[Please see comment by Bruce Kirschner in the comments section below (identified by the Blog as 'Anonymous') for details on how to make a donation.] 

Mike Nier reported that he and several other GVH Masters Athletes competed in Maximum Velocity's Bill Quinlisk Memorial Meet on July 12th. 

Bill Quinlisk in his happy place, a Masters National Cross Country Championship Photo by Michael Scott


Bill was Vice Chair of the Masters LDR Committee for most of that period, when Don Lein was Chair. When Mary Rosado took over as Chair in 2016, Bill remained as Vice Chair; his technical knowledge and willingness to serve were key factors in his success. Rosado commented: "Bill was one of the longest serving members of the Committee, and I often sought his advice. I will miss his passion and his expertise.”

When Lloyd Hansen took over as Chair in 2020, Bill indicated that he was happy to continue to serve as Vice Chair. Little did anyone know, at the time, that within the year, Lloyd would be diagnosed with Mesothelioma. He decided, in the interests of a smooth and structured transition, to step down at the 2021 Annual Meeting and allow the Executive Committee to select a new Chair. The Committee voted unanimously to ask Bill to serve. 

Ironically, Bill’s health started to decline shortly after he took over as Chair. 

Bill Quinlisk, USATF Masters LDR Chair, addressing those assembled for the 2021 Masters National Grand Prix Awards, December 11, 2021 Photo by Todd Straka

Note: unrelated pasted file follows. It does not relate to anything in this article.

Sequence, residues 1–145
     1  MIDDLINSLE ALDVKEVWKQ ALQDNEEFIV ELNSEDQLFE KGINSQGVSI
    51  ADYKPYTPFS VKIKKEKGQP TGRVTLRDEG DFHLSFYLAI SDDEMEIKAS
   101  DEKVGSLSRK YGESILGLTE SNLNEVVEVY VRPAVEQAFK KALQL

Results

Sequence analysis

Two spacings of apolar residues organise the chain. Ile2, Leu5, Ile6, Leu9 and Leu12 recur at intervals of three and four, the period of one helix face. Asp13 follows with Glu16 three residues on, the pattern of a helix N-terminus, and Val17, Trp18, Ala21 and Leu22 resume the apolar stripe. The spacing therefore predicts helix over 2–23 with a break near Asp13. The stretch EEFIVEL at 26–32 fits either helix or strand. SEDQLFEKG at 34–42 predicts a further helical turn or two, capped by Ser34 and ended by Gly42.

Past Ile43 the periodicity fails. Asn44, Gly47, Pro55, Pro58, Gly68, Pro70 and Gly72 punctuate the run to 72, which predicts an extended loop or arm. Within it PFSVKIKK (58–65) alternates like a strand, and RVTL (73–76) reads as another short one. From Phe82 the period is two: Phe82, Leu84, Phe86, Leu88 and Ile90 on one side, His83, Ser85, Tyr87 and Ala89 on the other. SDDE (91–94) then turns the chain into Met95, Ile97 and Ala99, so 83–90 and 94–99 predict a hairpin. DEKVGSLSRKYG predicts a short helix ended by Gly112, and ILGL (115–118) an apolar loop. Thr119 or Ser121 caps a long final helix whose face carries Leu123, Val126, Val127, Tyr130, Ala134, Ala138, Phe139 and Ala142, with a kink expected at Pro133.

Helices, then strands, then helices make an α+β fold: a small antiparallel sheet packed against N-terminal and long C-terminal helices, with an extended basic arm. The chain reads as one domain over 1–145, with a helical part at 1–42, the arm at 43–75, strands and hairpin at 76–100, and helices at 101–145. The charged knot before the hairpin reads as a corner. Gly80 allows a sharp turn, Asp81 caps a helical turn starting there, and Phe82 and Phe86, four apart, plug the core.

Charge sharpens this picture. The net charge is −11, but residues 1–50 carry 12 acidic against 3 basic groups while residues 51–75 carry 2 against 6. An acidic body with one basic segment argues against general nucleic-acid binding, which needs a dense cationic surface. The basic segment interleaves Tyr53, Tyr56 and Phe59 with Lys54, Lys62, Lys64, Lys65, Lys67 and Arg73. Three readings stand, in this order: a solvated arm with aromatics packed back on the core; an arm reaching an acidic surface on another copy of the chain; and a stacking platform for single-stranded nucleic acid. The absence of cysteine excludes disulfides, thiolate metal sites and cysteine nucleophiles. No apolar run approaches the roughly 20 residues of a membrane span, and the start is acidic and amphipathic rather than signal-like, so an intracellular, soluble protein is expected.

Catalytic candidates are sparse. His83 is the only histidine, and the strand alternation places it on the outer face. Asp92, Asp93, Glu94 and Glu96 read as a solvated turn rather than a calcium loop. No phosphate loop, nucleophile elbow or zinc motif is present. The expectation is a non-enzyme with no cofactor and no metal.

Neither he, nor anyone else, thought it would be something he could not lick. But the cancer was very aggressive.

Bill was a 'Hands on/Chip In' kind of guy. If a job needing doing, he would get it done. He would walk or ride the course before the race; if there was a pothole, he would mark it with a cone. If a turn did not have a well-defined curb, he would mark it with flags. 

Bill Quinlisk making sure that the Finishing Tape is all set for the Overall Masters Champion to Break at the 2019 Lehigh Club Cross Championship Photo By Michael Scott

Most importantly Bill knew the rules and how to apply them. Runners and Clubs knew they could rely on him to rule on an appeal fairly and without any favoritism. Mitch Garner, USATF Board member observed, “Bill was a good man. He always went out of his way to make sure that clubs had everything they needed when they came to a Masters National Championship. He was a prince of a guy and will be missed.” In a more whimsical vein, Garner suggested that “The Masters Running Community in Heaven, in dire need of a resurgence, has benefitted, no doubt, from Bill taking on the Chair of Masters LDR there, and introducing age divisions and age grading across the millennia.”

Bill Quinlisk makes sure that all Masters athletes in a Championship take the turn as measured